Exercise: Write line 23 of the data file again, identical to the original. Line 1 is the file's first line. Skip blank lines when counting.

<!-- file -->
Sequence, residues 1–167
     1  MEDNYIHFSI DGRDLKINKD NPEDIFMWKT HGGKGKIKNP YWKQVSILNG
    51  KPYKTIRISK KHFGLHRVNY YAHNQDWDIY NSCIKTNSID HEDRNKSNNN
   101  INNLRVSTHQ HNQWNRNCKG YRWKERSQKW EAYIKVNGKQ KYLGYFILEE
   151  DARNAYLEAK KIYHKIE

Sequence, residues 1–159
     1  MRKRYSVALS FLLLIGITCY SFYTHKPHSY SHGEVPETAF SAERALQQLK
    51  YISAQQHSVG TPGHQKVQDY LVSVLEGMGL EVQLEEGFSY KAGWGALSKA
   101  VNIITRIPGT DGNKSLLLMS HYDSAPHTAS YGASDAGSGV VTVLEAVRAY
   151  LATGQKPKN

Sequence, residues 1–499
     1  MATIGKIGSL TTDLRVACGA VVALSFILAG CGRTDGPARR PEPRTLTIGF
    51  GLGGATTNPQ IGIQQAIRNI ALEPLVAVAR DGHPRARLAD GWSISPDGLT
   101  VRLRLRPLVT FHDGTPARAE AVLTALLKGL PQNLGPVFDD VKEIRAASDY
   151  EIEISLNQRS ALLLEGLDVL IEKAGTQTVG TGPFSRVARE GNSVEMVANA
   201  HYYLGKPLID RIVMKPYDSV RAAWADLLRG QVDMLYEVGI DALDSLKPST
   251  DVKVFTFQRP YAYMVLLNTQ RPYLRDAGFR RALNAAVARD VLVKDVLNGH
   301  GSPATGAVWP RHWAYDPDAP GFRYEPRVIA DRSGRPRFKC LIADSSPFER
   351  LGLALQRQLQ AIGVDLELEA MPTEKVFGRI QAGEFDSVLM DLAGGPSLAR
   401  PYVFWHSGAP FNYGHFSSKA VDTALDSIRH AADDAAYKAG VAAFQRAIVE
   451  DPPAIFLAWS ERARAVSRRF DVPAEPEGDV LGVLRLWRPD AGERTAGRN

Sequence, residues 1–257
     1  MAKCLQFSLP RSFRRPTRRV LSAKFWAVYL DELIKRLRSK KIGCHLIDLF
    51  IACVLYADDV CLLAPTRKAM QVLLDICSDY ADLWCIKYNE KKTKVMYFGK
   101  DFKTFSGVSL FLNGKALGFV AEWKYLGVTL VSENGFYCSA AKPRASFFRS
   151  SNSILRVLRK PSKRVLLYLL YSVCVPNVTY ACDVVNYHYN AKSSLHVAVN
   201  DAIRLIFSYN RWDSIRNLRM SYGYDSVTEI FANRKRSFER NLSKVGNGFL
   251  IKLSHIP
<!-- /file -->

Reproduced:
     1  MAKCLQFSLP RSFRRPTRRV LSAKFWAVYL DELIKRLRSK KIGCHLIDLF